Some organizations may employ team members in a state that requires a different leave-tracking system. Wisconsin, for example, requires using the calendar year method for tracking employee leave. Therefore, employers with workers in Oregon and Wisconsin will be required to use different methods for tracking employee leave for each state.
Transitioning to a 12-month rolling forward leave year
Below, we will provide general options for transitioning to a rolling forward tracking method, but please note we recommend performing an analysis on a case-by-case basis for each active leave.
If you have been using the calendar year method and have employees who have taken leave within the current calendar year, we recommend continuing to use the calendar year method for them through the current year and then reset the employees’ balance the first January following the transition. From that point forward, you will use the rolling forward method for those employees even though they have taken leave within the past 12 months.
If an employee took leave in the previous calendar year, the employee’s leave balance will have already been reset when you transition. Begin calculating with the rolling forward method from the date their next leave begins, even if they took leave within the past 12 months.
Fixed 12-month period
If you have been using the fixed 12-month method and have employees who have taken leave within the current fixed 12-month period, continue using that method for them through the current fixed year and reset the employees’ balance on the month following the transition. From that point forward, use the rolling forward method for those employees even though they may have taken leave within the past 12 months.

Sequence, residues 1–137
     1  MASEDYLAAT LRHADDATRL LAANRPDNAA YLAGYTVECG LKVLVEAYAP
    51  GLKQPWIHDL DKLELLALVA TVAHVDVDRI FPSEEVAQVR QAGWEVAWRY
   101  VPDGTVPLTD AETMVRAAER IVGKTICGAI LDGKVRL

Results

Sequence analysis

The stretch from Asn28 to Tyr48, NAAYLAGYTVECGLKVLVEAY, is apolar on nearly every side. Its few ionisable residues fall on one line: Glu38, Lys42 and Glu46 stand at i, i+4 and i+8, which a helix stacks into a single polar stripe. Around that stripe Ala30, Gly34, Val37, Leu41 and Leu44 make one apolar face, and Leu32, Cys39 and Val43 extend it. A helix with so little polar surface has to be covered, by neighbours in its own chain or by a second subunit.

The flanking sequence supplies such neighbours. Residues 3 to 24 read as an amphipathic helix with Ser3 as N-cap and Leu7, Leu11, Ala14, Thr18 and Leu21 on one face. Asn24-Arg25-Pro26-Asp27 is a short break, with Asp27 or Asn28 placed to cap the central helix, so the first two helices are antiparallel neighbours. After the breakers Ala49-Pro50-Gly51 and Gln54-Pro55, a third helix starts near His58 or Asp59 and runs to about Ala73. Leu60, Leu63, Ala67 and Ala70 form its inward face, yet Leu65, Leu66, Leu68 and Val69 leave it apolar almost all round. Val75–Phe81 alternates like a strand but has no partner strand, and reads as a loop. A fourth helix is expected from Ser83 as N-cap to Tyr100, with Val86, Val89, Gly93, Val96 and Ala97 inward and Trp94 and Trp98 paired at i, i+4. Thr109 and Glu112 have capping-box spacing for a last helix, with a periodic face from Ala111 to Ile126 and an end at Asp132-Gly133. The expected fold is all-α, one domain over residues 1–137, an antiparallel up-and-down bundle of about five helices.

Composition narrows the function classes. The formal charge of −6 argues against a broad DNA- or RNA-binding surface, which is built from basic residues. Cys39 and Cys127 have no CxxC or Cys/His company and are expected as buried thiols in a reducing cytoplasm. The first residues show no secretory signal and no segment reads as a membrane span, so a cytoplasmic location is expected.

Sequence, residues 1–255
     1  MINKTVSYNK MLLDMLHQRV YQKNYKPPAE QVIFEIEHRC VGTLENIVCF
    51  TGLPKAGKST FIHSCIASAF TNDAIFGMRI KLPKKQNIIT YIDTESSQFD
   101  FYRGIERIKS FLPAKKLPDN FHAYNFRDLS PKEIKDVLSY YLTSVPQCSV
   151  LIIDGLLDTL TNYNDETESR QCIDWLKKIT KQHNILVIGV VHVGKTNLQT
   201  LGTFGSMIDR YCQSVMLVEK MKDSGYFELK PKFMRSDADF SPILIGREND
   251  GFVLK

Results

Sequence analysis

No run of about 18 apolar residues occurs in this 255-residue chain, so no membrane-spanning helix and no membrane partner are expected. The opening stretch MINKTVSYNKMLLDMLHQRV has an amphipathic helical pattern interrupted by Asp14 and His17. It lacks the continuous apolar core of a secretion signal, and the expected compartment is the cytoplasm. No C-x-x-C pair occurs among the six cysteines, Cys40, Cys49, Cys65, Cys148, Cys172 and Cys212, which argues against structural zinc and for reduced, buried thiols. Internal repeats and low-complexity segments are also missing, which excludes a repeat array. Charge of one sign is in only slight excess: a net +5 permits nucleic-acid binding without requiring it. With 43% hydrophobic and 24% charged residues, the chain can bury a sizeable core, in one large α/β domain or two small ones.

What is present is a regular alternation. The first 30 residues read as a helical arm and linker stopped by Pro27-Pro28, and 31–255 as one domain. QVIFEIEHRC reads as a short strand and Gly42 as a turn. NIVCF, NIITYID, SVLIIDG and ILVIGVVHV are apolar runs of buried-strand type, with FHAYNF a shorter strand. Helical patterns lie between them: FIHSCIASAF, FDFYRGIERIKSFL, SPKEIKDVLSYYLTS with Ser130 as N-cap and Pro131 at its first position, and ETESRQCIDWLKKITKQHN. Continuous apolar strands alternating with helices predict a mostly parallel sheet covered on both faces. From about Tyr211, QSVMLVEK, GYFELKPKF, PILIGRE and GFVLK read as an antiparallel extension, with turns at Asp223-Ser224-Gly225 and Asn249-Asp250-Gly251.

If an employee took leave in the previous fixed year, the employee’s leave balance will have already been reset when you transition. Begin calculating with the rolling forward method from the date their next leave begins, even if they took leave within the past 12 months.
If you have been using the 12-month rolling backward method, there really isn’t a way to equitably reconcile available leave to the rolling forward method in a way that accommodates the requirement to give a sixty-day notice, so it may be necessary to reset all employees’ leave balances at the time of the transition, regardless of whether they have taken leave in the last 12 months. Unfortunately, this does enable employees to stack leave if they have taken leave recently.
Alternatively, you may reset everyone’s leave balance when you begin using the rolling forward method, regardless of how you previously tracked leave. However, it is important to note this may enable some employees to stack a considerable amount of leave.
For a comprehensive guide to complying with FMLA, see our article, A step-by-step process for complying with the FMLA
How can Trüpp HR help?
If you are struggling with the implications of PLO, OFLA, and SB 999, Trüpp is here to help! Our leave specialists and compliance consultants are available to advise on the best path forward with the least disruption to your business. Better yet, let the experienced professionals at Trüpp take the administration of PLO and all employee leave off your plate with our affordable Leave Administration Outsourcing service.